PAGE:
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OS/2: What was it anyway? [message #2903] Sun, 19 November 2017 11:41 Go to next message
Ultrax is currently offline  Ultrax
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What was OS/2 anyways? Was it intended to replace Windows, for home users, or for workstation use? As far as I know, it was a commercial failure.

What is the first thing a computer says?

Hello World!
Re: OS/2: What was it anyway? [message #3510 is a reply to message #2903] Mon, 19 November 2018 01:19 Go to previous messageGo to next message
zero
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Ultrax wrote on Sun, 19 November 2017 08:41
What was OS/2 anyways? Was it intended to replace Windows, for home users, or for workstation use? As far as I know, it was a commercial failure.

It was intended for all three, plus server, originally. IBM was never any good at marketing its personal computing products, and most disasterously so it was with OS/2.

When the OS/2 project originally started in conjunction with Microsoft in the late 1980s, it was intended as a complete replacement for DOS and Windows, which was then in its completely unuseable infancy and viewed as a stop-gap really. However, after version 1.3 of OS/2 - the last 16-bit version - MS withdrew from the project and IBM went fully 32-bit with OS/2 2.0.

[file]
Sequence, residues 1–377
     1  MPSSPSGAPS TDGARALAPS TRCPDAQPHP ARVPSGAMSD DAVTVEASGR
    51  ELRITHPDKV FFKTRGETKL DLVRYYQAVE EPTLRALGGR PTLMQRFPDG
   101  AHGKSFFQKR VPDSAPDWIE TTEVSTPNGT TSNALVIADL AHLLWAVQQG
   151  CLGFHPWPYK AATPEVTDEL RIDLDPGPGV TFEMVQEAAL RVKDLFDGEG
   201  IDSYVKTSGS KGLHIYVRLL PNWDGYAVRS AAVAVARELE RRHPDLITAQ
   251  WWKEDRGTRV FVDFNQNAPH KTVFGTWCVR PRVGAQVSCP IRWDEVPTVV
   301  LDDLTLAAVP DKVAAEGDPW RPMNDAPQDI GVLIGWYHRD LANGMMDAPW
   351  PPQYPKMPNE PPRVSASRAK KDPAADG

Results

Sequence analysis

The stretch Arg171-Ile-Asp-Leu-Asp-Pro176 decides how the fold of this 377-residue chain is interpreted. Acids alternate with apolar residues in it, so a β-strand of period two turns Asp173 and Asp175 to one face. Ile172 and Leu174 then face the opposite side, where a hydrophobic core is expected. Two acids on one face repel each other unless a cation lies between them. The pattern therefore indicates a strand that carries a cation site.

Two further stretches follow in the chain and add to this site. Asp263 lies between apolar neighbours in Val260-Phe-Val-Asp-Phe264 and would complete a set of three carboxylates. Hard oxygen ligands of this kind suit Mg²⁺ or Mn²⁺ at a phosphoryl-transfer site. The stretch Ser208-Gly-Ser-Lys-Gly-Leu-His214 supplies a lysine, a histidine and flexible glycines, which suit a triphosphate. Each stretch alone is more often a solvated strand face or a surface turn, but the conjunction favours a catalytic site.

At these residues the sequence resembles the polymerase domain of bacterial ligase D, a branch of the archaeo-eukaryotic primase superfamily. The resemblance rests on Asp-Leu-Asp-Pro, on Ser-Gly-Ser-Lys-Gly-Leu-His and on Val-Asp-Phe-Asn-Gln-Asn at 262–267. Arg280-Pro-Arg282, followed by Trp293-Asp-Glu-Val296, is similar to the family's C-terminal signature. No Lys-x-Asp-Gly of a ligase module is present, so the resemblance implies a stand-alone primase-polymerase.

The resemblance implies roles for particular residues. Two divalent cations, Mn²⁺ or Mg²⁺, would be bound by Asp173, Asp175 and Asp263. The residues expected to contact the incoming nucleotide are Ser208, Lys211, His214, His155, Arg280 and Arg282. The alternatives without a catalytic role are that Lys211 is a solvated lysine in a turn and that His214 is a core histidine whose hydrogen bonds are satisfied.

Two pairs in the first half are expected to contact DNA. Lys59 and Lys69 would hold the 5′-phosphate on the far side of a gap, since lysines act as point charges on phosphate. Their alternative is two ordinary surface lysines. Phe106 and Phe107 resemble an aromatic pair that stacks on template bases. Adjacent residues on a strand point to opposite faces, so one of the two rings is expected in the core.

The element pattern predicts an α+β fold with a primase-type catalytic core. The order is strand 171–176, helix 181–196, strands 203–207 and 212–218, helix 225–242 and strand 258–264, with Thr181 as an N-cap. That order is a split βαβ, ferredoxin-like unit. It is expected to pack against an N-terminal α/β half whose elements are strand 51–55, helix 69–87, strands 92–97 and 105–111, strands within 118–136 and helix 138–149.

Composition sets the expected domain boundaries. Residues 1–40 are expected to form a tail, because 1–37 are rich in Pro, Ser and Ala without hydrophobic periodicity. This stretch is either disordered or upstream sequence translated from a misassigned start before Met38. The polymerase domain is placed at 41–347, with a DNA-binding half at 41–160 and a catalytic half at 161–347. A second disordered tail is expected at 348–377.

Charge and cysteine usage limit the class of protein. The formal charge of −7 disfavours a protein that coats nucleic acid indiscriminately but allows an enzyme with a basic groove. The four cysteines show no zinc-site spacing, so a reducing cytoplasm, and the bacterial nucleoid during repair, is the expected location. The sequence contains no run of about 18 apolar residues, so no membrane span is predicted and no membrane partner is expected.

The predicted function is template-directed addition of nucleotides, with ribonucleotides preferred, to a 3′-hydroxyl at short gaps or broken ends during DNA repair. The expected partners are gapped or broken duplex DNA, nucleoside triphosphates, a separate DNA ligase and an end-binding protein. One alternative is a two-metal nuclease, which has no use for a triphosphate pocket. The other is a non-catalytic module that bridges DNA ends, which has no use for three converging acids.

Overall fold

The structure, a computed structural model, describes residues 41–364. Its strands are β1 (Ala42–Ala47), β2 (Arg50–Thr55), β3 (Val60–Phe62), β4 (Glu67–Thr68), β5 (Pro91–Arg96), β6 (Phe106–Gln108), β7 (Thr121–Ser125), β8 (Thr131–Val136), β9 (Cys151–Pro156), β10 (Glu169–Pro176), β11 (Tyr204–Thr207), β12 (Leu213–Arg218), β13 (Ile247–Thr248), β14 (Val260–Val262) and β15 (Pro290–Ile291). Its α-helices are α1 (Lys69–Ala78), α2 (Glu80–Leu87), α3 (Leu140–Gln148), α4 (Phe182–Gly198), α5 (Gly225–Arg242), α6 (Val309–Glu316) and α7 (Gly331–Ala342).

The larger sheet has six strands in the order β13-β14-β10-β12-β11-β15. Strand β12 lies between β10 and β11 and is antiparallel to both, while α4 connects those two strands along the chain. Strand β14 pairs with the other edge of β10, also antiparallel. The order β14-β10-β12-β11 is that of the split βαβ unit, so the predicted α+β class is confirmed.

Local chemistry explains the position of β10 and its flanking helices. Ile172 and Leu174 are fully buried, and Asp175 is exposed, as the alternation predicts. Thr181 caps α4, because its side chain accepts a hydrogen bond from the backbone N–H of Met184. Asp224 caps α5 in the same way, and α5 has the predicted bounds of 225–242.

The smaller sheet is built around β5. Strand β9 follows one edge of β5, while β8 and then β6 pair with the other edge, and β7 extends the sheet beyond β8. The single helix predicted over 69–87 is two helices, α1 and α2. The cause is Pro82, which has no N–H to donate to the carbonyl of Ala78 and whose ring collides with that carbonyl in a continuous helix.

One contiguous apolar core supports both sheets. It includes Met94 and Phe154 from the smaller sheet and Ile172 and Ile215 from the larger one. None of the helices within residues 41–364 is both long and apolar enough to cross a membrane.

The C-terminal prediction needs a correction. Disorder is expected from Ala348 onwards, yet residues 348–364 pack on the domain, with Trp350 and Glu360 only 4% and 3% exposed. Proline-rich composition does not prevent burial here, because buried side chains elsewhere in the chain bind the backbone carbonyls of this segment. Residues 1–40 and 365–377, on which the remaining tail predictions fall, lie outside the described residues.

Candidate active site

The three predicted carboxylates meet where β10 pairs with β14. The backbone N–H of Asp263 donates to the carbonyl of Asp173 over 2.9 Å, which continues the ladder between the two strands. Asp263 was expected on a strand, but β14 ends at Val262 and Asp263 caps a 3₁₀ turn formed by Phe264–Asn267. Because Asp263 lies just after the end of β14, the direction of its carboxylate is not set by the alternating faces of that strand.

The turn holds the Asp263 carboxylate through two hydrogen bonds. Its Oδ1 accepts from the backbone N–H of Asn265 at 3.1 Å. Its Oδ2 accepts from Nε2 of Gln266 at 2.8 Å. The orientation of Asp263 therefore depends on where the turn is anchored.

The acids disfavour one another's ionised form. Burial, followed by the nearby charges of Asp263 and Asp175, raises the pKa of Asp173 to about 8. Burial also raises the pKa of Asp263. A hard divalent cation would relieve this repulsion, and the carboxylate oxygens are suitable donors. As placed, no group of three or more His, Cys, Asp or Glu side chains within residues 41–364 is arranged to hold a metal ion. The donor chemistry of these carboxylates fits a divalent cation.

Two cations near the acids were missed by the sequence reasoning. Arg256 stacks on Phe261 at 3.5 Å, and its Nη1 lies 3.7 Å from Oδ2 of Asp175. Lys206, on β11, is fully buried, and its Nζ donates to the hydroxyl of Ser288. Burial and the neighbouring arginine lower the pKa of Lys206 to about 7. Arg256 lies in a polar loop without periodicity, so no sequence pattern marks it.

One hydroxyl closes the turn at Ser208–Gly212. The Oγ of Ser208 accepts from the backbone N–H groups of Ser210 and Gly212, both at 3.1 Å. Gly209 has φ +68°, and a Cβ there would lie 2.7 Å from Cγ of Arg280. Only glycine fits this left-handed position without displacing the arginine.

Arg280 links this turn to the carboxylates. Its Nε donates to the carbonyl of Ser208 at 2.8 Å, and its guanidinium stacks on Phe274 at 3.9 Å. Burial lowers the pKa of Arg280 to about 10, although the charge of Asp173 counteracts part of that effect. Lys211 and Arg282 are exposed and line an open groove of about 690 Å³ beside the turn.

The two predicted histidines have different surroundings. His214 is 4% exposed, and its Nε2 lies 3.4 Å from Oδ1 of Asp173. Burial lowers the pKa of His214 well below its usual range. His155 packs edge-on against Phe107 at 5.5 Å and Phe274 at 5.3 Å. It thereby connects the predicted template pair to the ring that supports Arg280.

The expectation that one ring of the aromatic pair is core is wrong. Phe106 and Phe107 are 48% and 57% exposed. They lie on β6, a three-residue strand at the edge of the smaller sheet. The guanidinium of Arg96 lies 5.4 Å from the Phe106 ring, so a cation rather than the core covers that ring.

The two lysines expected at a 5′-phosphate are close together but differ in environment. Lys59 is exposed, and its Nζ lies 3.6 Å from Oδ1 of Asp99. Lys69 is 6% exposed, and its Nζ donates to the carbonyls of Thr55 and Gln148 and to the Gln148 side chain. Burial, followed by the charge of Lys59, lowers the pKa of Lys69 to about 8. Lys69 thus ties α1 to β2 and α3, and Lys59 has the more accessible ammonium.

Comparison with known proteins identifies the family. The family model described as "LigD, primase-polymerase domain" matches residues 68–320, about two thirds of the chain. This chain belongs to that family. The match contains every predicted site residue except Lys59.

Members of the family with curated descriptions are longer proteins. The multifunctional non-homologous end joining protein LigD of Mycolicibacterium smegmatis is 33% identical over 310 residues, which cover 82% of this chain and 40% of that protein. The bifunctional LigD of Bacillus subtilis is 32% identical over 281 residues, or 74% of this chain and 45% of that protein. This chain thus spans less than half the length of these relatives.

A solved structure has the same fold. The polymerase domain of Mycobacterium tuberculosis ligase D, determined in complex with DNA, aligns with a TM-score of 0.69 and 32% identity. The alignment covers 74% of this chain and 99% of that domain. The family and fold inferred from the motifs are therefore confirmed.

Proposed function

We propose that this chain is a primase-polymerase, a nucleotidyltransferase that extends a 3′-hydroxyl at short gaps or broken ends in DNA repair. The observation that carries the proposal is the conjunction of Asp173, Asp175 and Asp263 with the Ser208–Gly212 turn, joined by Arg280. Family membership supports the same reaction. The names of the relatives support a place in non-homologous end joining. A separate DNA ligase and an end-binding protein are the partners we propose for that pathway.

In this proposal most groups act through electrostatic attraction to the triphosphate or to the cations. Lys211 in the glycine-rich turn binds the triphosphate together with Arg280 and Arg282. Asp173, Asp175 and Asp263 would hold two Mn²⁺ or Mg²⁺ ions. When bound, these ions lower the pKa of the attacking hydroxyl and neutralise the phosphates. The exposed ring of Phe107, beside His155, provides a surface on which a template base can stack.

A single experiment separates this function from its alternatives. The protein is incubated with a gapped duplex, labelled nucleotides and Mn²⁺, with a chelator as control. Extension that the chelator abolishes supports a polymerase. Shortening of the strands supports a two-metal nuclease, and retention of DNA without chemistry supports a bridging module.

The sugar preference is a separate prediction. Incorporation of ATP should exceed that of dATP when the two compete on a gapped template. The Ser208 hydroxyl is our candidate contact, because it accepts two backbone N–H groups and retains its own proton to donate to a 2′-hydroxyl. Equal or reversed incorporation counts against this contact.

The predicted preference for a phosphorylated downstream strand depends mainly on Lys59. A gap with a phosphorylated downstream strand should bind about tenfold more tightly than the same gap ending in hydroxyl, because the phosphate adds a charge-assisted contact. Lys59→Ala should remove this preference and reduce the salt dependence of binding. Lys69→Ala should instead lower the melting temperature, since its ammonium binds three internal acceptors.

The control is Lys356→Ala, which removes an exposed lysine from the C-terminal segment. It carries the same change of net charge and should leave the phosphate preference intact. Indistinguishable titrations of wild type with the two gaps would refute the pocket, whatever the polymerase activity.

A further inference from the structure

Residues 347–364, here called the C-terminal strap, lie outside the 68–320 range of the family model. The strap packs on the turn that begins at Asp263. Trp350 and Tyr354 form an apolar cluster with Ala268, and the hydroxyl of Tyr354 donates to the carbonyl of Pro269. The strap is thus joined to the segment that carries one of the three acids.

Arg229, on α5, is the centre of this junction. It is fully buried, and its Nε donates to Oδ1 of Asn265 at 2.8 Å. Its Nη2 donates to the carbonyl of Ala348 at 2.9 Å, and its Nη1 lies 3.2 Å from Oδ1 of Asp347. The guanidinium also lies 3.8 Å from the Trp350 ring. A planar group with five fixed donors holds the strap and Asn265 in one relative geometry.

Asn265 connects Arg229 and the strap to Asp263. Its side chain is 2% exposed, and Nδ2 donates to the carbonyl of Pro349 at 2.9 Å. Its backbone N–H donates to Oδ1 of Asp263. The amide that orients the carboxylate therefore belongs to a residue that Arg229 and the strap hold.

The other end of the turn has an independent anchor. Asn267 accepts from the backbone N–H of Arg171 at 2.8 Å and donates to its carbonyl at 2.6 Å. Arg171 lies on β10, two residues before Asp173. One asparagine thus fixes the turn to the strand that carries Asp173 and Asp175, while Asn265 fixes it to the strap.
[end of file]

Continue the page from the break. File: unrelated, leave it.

From early on, one of the most wide-spread adoptions of OS/2 occurred in the banking sector, accounting for the largest slice of the ABM/ATM sector, where its successor is apparantly still used to some extent. The consumer sector didn't really show much uptake until Warp 3 came along in 1994. Marketing aside, the two biggest factors working against OS/2 were IBM's continuing support for running DOS and Windows 3.x from within OS/2, and - to some extent also as a result of this - the failure to get sufficient numbers of larger developers on board and major apps ported to native OS/2.